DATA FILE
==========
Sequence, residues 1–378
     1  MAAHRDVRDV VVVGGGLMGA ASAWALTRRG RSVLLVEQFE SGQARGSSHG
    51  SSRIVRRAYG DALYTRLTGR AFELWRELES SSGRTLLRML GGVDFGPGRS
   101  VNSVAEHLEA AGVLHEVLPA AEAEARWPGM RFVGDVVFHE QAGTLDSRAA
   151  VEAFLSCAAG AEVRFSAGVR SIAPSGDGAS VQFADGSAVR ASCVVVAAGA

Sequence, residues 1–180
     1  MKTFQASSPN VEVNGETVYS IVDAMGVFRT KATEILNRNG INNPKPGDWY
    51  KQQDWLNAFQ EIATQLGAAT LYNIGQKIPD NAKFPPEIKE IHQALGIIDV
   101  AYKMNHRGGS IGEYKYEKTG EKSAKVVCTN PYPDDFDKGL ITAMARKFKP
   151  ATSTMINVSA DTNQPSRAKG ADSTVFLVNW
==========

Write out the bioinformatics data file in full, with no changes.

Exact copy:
Sequence, residues 1–378
     1  MAAHRDVRDV VVVGGGLMGA ASAWALTRRG RSVLLVEQFE SGQARGSSHG
    51  SSRIVRRAYG DALYTRLTGR AFELWRELES SSGRTLLRML GGVDFGPGRS
   101  VNSVAEHLEA AGVLHEVLPA AEAEARWPGM RFVGDVVFHE QAGTLDSRAA
   151  VEAFLSCAAG AEVRFSAGVR SIAPSGDGAS VQFADGSAVR ASCVVVAAGA

Sequence, residues 1–180
     1  MKTFQASSPN VEVNGETVYS IVDAMGVFRT KATEILNRNG INNPKPGDWY
    51  KQQDWLNAFQ EIATQLGAAT LYNIGQKIPD NAKFPPEIKE IHQALGIIDV
   101  AYKMNHRGGS IGEYKYEKTG EKSAKVVCTN PYPDDFDKGL ITAMARKFKP
   151  ATSTMINVSA DTNQPSRAKG ADSTVFLVNW